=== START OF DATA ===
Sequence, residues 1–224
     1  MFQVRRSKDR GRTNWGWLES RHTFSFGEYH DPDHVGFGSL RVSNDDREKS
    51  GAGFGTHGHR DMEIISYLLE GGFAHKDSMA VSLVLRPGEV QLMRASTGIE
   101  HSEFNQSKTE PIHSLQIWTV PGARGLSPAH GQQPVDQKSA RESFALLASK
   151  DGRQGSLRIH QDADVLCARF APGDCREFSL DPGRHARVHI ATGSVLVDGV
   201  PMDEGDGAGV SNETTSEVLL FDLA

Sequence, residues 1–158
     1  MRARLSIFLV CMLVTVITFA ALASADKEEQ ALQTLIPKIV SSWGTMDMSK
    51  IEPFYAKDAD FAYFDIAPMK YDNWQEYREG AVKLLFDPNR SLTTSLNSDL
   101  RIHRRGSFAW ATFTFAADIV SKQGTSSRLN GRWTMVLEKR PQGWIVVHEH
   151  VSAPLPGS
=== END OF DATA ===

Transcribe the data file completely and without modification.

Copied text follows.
Sequence, residues 1–224
     1  MFQVRRSKDR GRTNWGWLES RHTFSFGEYH DPDHVGFGSL RVSNDDREKS
    51  GAGFGTHGHR DMEIISYLLE GGFAHKDSMA VSLVLRPGEV QLMRASTGIE
   101  HSEFNQSKTE PIHSLQIWTV PGARGLSPAH GQQPVDQKSA RESFALLASK
   151  DGRQGSLRIH QDADVLCARF APGDCREFSL DPGRHARVHI ATGSVLVDGV
   201  PMDEGDGAGV SNETTSEVLL FDLA

Sequence, residues 1–158
     1  MRARLSIFLV CMLVTVITFA ALASADKEEQ ALQTLIPKIV SSWGTMDMSK
    51  IEPFYAKDAD FAYFDIAPMK YDNWQEYREG AVKLLFDPNR SLTTSLNSDL
   101  RIHRRGSFAW ATFTFAADIV SKQGTSSRLN GRWTMVLEKR PQGWIVVHEH
   151  VSAPLPGS